July '18

For the Business of Apparel Decorating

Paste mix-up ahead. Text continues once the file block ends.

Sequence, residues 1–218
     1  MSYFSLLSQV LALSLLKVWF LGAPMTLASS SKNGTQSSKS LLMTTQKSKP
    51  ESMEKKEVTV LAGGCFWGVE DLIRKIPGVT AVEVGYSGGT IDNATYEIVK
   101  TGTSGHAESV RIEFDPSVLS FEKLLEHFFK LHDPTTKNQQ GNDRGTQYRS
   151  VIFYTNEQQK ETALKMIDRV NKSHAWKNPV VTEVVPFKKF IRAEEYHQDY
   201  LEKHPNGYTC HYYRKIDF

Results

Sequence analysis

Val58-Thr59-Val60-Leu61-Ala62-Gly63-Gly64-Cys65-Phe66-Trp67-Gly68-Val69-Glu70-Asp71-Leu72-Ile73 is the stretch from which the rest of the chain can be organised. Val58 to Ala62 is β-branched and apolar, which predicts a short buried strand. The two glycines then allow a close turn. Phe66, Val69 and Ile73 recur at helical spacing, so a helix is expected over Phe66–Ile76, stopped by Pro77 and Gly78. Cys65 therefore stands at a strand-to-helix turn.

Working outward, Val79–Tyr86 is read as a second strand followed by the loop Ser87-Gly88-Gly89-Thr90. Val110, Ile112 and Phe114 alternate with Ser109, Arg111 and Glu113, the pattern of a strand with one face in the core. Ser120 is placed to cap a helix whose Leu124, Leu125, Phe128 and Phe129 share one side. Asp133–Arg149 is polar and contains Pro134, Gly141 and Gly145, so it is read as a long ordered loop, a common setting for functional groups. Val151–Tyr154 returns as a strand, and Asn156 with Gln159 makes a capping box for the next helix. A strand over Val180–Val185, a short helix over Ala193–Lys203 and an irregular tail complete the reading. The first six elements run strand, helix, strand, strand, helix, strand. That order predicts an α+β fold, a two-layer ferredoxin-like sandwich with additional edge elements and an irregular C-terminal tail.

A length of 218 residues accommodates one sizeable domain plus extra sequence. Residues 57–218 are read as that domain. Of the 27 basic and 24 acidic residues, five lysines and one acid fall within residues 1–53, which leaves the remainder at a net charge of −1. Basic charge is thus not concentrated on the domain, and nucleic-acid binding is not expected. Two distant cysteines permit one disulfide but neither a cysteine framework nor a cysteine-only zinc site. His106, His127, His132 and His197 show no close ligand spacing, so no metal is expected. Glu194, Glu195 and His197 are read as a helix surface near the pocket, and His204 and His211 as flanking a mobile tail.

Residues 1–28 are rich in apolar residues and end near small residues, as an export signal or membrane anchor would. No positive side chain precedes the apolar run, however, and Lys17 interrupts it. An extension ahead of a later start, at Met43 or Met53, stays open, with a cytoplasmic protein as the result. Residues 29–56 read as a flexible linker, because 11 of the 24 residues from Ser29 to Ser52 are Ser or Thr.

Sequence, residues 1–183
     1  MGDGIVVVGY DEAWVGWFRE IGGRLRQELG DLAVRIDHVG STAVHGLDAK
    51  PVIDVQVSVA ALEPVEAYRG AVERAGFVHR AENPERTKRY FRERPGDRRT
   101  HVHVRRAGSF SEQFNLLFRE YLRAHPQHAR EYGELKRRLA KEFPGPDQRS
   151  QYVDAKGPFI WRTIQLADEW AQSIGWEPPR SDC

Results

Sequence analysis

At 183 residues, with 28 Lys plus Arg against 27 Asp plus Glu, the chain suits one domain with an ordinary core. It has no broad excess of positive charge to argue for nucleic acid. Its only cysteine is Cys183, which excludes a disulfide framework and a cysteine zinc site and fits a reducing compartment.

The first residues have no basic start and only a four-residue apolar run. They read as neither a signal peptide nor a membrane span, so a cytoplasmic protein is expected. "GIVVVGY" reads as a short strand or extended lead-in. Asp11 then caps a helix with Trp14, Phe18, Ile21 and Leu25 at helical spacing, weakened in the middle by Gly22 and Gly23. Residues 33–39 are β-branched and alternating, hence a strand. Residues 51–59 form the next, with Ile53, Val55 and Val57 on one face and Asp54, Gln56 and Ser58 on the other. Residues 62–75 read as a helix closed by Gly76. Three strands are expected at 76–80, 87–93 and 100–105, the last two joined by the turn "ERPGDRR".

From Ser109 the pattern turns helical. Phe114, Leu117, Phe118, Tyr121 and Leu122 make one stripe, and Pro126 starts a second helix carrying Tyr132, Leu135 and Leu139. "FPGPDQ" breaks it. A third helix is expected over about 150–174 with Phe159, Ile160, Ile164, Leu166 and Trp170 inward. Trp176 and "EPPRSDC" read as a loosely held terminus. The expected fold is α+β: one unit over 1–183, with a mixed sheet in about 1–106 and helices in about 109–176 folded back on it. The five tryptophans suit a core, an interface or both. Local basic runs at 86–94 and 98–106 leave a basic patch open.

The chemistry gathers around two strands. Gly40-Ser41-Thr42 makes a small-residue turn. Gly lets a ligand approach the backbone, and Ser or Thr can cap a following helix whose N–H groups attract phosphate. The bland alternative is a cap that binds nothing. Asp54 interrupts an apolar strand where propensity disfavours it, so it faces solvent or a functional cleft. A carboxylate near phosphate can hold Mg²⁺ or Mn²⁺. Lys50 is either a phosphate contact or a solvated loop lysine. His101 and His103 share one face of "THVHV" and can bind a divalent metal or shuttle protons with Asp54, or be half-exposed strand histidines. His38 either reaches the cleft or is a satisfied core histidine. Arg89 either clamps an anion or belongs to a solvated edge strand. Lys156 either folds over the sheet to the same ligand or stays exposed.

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18 || P R I N T W E A R J U LY 2 0 1 8 inspiration. You know we love working on black Ts as the color of choice in this genre. The pure psychology symbolizes power, fear, strength, aggression, and even death. We would use the names of fighting styles to define different points of Jiu-Jitsu, using a variety of font styles to define the spirit of each. The first of the three was Submission Hunter. This was for a fight- ing style so aggressive we pulled out all "wimpy" script fonts im- mediately. Using a bold font would be best because it was big and strong. We had the two words to keep separate yet read properly to- gether. Submission got the boldest style, while Hunter needed a dif- ferent feel. A bit more stealth but intimidating. Submission means to yield to a superior force. Broken concrete was the perfect texture and because the font was thick, it would still be legible with this effect. The original font had texture that was removed to not compete with the concrete that we layed over it. We opened the text in Photoshop for some of the finer rendering. Thanks to the web, we had access to hundreds of textured images and used four different concrete images to create the final art. Since Hunter has that weapon affiliation, we adjusted the letters H, N, and R to simulate blades. The symbol- ism really rang through. The text was originally set up in Illustrator where we added a metallic gradient in the blades to make them shine with a beveled edge. Blood red was added as a reflection and moved around in the design for more symbolism. The two type styles were brought together for separation. For the ease of set up, we kept the colors minimal to red, white, and gray. The gray plate was used to incorporate some of the grayscale of the concrete from the textures and for the illusion of recesses in the cracks of the pavement. FROM SOFTWARE TO SUBSTRATE Adding red on top and the highlight white on the edges gave dimension and popped on the black. Top: Two types of font were used to differentiate the words while main- taining cohesiveness. Above: We used a disoriented look that one might feel while compromised in a strangle hold position. Top: We added some layers of texture to knock out positive portions by using intersecting patterns and random distressing. Above: We chose a font that wasn't distressed enough, and while there was texture, we need- ed to open up the negative space to keep from filling in on press.

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